Friday, March 31, 2017

NO+ PAYGO: why is the pay-as-you-go system unviable today


The low birth rate and the increase in life expectancy explain why the pay-as-you-go system would not improve pensions.

In 1980, Chile made the right decision to replace the pension system based on a pay-as-you-go (PAYGO) mechanism, with a fully funded individual capitalization system run by private sector pension funds. In a pay-as-you-go system, the active population pays contributions with which pensioners' pensions are paid, and in an individual capitalization, the employee's contributions made to their individual savings account is what builds the fund that will be used to finance their pension.

The decision to replace the pay-as-you-go system with an individual capitalization system responded to the unfeasibility of sustaining it in a context of declining fertility rates, and an increasingly healthy population with increasing life expectancies, what would invariably condemn the pay-as-you-go system the collapse.

The functioning of the pay-as-you-go system is strongly influenced by demographic changes. In Chile, there is a strong drop in the fertility rate. In 1960, a woman had an average of 5.6 children, in 2012, only 1.83. There is also a strong increase in life expectancy. At the beginning of the 80s, the latter reached 71 years, and today it has increased to more than 80 years.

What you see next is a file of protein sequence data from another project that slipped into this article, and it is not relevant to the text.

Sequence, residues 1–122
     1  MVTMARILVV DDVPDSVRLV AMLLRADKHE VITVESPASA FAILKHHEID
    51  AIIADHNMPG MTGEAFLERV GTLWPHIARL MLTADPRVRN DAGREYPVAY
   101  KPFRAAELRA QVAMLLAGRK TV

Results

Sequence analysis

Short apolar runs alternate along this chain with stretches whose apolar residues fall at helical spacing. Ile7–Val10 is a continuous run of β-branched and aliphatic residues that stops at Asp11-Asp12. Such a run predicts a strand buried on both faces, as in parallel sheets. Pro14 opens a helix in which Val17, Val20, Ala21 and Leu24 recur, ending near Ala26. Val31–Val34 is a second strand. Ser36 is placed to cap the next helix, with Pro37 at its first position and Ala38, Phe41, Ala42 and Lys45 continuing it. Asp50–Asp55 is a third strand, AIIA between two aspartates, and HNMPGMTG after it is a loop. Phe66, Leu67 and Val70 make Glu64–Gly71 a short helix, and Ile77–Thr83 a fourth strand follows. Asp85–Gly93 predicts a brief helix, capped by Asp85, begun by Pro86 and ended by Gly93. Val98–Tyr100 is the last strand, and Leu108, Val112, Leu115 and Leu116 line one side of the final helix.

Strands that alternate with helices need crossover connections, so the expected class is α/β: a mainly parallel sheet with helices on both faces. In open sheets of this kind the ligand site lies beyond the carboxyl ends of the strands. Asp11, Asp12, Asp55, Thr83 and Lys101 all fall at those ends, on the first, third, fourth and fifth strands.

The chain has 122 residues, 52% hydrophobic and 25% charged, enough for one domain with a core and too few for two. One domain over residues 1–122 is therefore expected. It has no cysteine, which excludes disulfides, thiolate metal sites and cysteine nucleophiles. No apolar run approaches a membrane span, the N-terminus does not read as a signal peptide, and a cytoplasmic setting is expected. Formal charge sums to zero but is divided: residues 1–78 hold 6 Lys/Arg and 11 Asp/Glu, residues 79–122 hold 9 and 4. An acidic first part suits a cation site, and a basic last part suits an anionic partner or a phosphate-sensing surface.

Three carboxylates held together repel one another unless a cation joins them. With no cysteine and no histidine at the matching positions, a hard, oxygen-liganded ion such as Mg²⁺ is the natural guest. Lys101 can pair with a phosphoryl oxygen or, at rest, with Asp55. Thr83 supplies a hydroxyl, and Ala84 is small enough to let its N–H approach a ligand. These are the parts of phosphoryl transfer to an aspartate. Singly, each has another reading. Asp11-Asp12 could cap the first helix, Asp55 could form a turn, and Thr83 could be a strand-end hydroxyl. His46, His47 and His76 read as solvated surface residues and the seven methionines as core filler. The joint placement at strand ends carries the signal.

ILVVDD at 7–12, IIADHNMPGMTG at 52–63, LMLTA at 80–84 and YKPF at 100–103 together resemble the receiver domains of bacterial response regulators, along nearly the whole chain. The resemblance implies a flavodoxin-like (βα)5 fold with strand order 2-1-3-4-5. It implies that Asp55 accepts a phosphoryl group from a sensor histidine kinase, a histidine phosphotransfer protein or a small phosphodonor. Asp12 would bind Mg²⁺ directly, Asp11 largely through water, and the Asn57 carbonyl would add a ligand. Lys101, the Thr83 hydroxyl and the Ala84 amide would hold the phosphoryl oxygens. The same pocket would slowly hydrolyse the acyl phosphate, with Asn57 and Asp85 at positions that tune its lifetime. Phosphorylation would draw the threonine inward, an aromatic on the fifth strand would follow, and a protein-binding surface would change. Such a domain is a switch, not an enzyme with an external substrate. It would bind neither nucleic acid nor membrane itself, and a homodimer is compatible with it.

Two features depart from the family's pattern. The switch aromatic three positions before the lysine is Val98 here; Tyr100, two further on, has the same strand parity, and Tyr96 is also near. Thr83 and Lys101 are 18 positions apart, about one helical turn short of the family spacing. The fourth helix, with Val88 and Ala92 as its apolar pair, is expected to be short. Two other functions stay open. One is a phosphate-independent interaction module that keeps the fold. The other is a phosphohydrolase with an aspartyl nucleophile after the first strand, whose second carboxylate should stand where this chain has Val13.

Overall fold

In theory, the pay-as-you-go system could work and provide pensions similar to the salary that was received at the time of retirement. For this to happen, however, the growth of the labor force is expected to outpace those who are retiring, or that strong economic growth leads to higher wages in a way that active workers can pay higher contributions to finance the pensioners' pensions.

If today the contribution rate of an active person is 10% of his salary, in a pay-as-you-go system for that person to receive a pension that is equivalent to his salary, requires that there are 10 active people with a similar salary, where each have to contribute 10% to finance the pension of those who have already retired.

In 1980 people aged between 20 and 65 were in a ratio of 10 to 1 compared to those over 65. But in 2015, Chileans between the ages of 20 and 65 are at a rate of 6 to 1 compared to those over 65.
If in addition, the projections are that life expectancy continues to increase and the fertility rate will decrease somewhat, then the proportion of people over the age of 65 will increase even more than those between 20 and 65. By 2040, it is projected that this ratio will be less than 3 to 1.

And so, the burden on the working population, in terms of paying with a proportion of their salaries the contributions needed to the financing of retirees' pensions, will not be sustainable, and will lead to diminishing pensions; except the case that the system and the country increases its debt, or sells parts of its assets to finance the growing deficit that, due to the low number of contributors and an increasing number of beneficiaries, is being created in the economy.

I leave you with a question to comment: With the proportion of workers between the ages of 20 and 65 decreasing more and more, is it the right decision the tying the pensions to the contributions that can be made by active workers?

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